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The Indian advocate. ([Sacred Heart, Okla.]) 1???-1910, November 01, 1904, Image 9

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Persistent link: https://chroniclingamerica.loc.gov/lccn/45043535/1904-11-01/ed-1/seq-9/

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THE INDIAN ADVOCATE
354
ral) Ranald S. Mackenzie, Fourth cavalry (Afangomhcuic,
"No index-finger," on account of the loss of that finger
whom the Comanche already knew to their sorrow, with a
detachement of his regiment, after repelling two attacks, sur
prised a large body of Cheyenne and their allies in a canyon
near Red river Texas, destroying over a hundred tipis and
capturing their entire camp outfit, with over fourteen hundred
horses and mules. This was the severest blow the Indians
had yet received. On October 9, Colonel George P. Buell,
Eleventh infantry, struck and destroyed a large Kiowa camp
on the Salt fork of Red river, and fight days later Captain
Adna R. Chaffee, Sixth cavalry, surprised and destroyed an
other camp north of the Washita, the Indians fleeing without
attempting a defense.
As a result of these succesive losses the Indians became
discouraged, and early in October the Comanche spnt mes
sengers asking permission to come into the agency. Permis
sion being given, Tabina'naka, White-wolf, and Red-food,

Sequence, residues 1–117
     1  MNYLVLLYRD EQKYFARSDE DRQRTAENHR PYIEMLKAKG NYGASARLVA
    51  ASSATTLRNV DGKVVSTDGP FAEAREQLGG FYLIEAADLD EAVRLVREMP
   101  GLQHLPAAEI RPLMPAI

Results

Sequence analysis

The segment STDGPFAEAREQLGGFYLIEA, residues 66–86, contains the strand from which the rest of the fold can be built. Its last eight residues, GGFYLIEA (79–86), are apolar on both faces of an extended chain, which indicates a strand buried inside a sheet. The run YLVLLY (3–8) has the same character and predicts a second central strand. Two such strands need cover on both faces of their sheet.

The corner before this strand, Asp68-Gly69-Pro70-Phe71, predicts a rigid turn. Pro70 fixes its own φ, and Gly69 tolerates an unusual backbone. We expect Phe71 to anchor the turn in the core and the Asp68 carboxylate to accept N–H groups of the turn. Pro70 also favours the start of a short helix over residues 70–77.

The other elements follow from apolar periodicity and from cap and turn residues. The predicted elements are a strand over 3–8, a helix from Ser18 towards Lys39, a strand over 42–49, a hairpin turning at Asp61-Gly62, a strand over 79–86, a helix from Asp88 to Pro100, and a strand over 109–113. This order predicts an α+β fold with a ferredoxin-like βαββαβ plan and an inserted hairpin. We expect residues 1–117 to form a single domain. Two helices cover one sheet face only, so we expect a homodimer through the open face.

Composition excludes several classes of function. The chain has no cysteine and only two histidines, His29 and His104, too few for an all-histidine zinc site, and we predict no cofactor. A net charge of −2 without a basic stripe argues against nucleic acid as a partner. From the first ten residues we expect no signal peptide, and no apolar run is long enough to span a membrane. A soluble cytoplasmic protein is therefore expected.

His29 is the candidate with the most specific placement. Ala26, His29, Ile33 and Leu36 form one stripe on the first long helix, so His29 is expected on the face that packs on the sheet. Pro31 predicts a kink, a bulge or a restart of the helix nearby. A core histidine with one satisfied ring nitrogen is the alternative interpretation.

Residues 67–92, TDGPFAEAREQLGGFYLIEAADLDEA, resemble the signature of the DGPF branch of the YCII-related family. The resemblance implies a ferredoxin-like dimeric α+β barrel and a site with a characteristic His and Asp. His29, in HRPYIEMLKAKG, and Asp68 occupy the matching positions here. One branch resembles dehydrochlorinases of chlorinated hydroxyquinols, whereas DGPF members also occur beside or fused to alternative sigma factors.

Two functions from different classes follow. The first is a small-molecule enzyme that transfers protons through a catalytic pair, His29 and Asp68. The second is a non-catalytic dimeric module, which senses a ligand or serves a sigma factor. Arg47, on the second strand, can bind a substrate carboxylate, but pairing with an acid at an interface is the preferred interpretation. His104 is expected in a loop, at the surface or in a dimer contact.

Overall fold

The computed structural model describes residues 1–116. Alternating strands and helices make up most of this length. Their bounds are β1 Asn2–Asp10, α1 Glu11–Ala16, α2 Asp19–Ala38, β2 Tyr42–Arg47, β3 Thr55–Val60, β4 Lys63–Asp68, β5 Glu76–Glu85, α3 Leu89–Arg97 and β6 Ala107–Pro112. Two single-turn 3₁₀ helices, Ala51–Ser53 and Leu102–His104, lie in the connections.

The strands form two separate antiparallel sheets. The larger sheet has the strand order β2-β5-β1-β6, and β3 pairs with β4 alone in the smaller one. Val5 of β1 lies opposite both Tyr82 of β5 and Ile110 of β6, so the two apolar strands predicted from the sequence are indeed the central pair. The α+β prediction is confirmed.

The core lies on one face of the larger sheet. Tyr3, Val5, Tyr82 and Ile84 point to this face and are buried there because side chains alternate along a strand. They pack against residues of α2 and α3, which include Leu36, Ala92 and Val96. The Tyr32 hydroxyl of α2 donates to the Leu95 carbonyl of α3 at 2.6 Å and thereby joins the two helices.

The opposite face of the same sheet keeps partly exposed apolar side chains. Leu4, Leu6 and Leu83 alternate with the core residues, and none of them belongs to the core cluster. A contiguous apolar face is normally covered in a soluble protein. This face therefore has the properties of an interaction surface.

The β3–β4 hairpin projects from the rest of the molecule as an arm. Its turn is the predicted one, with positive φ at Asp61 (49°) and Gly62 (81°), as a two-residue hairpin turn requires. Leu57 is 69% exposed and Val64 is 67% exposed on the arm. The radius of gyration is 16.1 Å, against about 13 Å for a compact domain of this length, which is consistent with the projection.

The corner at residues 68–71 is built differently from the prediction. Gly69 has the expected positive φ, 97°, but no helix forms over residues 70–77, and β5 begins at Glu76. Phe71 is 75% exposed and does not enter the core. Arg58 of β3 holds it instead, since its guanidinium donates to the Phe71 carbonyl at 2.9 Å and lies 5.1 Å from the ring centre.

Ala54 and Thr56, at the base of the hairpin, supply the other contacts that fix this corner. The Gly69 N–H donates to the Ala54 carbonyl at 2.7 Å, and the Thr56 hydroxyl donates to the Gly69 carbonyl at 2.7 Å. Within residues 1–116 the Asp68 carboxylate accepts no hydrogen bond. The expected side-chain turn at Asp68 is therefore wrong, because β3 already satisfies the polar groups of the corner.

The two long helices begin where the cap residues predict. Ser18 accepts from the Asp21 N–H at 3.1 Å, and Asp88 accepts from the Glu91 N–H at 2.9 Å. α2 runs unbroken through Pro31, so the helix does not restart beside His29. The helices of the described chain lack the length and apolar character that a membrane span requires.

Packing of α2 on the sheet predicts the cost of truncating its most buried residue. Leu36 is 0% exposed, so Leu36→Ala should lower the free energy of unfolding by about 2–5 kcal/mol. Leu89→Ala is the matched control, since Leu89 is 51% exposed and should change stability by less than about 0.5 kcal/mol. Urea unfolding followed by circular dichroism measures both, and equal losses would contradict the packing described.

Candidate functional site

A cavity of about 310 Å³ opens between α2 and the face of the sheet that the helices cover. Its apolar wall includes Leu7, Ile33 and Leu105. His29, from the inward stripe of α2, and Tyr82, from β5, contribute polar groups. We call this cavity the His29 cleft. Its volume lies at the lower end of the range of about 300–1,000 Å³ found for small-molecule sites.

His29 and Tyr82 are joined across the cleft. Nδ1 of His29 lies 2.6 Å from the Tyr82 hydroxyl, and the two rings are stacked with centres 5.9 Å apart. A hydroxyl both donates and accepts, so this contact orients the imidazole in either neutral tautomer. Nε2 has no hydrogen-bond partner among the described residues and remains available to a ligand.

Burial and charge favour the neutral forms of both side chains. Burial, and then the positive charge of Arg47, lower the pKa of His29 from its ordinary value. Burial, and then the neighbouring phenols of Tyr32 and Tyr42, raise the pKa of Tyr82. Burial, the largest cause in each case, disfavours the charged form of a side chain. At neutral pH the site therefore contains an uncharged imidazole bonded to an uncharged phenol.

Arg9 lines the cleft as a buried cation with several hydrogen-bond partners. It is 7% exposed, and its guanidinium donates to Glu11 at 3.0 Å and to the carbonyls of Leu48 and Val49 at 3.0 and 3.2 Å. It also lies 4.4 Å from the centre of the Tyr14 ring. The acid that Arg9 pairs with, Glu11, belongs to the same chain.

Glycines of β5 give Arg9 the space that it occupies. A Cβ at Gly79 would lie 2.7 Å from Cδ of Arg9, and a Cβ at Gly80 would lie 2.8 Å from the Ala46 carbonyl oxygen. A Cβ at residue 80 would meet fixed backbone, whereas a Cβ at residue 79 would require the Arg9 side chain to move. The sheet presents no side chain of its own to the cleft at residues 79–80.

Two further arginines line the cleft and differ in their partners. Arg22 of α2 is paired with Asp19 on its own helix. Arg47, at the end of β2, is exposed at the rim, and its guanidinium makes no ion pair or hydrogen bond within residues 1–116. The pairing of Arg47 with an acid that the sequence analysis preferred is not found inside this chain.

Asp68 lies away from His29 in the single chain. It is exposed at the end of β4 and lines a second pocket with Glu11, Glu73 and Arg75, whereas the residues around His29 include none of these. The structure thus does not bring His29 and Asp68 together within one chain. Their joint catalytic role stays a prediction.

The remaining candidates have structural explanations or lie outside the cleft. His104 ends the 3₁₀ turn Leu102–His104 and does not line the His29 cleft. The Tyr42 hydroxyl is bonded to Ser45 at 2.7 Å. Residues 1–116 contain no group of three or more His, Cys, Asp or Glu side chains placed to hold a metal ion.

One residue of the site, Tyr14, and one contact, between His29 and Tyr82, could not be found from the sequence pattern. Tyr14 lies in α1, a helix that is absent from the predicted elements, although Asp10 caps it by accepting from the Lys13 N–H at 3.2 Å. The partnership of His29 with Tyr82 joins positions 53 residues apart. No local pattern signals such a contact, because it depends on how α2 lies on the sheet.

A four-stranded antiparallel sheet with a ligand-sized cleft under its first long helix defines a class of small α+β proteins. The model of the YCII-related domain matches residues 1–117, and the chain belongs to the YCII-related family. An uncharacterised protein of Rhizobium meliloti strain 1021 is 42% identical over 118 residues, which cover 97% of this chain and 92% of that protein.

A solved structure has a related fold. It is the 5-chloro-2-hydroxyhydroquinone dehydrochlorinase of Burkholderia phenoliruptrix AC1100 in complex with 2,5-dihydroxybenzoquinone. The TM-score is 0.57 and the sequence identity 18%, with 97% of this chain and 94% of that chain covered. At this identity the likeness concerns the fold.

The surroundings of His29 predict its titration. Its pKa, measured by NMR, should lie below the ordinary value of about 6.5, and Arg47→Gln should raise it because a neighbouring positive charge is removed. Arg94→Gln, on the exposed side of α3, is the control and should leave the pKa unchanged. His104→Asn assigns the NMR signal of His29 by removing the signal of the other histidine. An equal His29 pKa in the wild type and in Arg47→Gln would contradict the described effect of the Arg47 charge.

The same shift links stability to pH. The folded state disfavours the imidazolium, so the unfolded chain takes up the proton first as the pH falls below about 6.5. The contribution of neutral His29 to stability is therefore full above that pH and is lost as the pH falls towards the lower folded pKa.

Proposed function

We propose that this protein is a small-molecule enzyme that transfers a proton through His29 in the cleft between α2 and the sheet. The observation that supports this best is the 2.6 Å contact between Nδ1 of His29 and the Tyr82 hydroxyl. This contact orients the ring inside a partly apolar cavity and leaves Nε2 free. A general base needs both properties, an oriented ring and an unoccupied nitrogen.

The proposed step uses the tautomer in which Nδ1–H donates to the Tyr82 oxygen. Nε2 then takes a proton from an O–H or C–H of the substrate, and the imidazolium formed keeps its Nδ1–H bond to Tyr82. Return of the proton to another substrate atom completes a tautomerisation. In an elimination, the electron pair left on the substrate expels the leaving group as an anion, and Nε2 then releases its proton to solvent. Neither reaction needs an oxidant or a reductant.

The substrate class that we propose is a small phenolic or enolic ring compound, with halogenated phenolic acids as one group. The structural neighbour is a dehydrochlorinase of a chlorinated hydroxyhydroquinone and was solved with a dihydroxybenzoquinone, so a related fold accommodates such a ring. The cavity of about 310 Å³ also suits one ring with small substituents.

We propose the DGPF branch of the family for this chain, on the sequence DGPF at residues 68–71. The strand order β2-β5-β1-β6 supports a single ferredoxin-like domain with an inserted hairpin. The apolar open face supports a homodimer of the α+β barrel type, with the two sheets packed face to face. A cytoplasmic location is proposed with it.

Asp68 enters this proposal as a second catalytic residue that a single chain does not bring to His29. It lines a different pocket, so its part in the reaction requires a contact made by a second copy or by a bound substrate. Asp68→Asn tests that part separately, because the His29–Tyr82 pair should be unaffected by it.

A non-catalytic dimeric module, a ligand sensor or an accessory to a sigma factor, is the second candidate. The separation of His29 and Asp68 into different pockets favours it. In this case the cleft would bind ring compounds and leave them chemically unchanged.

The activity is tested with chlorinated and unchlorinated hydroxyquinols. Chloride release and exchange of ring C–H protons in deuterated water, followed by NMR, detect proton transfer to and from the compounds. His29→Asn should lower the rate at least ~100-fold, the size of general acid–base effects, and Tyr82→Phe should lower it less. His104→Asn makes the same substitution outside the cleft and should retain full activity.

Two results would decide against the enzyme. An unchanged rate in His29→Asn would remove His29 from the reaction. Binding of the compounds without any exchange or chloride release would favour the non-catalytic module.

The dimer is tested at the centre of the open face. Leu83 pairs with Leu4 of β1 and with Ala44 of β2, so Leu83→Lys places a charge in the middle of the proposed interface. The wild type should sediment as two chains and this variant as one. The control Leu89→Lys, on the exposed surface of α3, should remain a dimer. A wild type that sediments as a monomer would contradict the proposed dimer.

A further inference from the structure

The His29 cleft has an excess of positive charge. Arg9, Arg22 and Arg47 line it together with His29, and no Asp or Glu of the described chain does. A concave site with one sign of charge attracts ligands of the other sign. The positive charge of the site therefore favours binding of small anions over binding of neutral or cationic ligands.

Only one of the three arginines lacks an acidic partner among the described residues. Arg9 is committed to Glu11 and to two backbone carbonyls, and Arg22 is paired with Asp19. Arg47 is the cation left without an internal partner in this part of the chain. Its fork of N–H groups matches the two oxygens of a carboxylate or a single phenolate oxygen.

with their people, started in and were met on Elk Greek by
a detachement from Fort Sill, under Major G. W. Schofield,
who received their surrender and brought them in to the fort.
Others came in a few days later and surrendered, making in
all about four hundred Indians with about two thousand
horses. Other Comanche and Kiowa in small parties con
tinued to come in, the men being imprisoned under guard as
fast as they arrived. Big-bow was allowed to go back to in
duce the Kiowa to come in, and was successful, returning in
Frebruary, 1875, with Lone-wolf, Red-otter Apcn-guadal'),
(Tsa'tfatt'at'H), Dohasan, and Poor-buffalo, and their people,
who were met on their way in by the interpreter, Philip
McCusker, and some friendly Comanche, to whom they sur
rendered their arms and horses. Poor-buffalo and his band
had been enrolled among the friendlies, but had fled at the
time of the agency fight. This left only a few of the Kiowa
out, and these also came in soon after. In the meantime
small bodies of Cheyenne were coming in and surrender-

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